So the piles of figures started to grow. Originally I promised I’d stick to designs that were in the movies I remembered as a child, but then an HWK-90 and a Tie Defender turned up at bargain prices, and I was unable to resist. I tried hard to get them all on the table, and succeeded. But I’d bae lying if I said that some of the less successful models, like the TIE Bomber, were every likely to see play time again. Still I kept them, carefully ensconced in foam, because they were beautiful. And the towers of foam stacked up, and up.

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They say the road to hell is paved with good intentions. So it was that the next nail started out with a premise to keep true to my original promise. If I focussed on expansions, I reasoned, I could get more play out of the games I already owned while still enjoying the process of acquisition. This realisation sparked another buried facet, a march toward completest tendencies.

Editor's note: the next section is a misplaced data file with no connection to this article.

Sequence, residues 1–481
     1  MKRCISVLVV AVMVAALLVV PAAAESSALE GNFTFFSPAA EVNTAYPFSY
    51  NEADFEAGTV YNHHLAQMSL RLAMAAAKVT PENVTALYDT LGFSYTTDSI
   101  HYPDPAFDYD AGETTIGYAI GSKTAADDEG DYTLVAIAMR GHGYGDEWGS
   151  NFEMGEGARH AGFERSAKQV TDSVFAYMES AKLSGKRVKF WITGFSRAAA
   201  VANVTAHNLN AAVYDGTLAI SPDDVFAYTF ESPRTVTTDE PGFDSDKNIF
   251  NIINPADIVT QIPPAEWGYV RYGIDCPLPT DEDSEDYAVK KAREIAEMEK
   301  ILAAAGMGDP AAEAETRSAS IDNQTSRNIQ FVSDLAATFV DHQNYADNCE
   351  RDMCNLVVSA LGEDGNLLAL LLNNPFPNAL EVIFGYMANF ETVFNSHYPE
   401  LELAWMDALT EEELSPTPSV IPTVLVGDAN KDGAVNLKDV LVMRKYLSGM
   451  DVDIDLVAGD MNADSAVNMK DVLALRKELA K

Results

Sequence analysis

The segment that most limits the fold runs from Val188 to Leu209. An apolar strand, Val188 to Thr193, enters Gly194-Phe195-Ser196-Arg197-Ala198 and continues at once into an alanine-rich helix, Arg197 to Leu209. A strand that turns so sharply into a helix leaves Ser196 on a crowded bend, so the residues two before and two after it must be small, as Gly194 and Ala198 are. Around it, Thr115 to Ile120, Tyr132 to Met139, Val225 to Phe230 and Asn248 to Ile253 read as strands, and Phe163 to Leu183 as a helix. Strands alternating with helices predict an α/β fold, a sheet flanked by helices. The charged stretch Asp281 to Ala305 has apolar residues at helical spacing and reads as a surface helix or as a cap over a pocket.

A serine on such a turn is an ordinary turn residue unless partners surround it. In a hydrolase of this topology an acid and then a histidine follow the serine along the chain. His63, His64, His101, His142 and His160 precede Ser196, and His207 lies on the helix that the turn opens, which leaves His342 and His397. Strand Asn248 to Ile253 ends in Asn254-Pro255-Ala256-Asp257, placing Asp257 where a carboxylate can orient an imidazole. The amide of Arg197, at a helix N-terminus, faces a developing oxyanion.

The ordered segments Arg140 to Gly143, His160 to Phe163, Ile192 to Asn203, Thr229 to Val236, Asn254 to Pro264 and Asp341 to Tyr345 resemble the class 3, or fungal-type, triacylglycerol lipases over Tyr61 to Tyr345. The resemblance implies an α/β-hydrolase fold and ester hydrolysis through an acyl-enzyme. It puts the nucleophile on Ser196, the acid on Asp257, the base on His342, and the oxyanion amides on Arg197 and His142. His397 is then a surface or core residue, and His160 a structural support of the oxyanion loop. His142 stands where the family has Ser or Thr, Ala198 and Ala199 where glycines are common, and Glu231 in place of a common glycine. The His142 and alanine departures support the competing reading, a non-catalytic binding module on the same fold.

What I’d foolishly failed to realise was just how many expansions some of my favourite games had. The Commands and Colours games are by far the worst offenders. Napoleonics has four, Ancients has six and there are small islands in the Pacific with insufficient landmass to hold all the Memoir ’44 expansions. In buying them, I was just making a rod for my own back.

Commands and Colors Spartan & Spanish army expansions for the Ancients & Napoleonics base games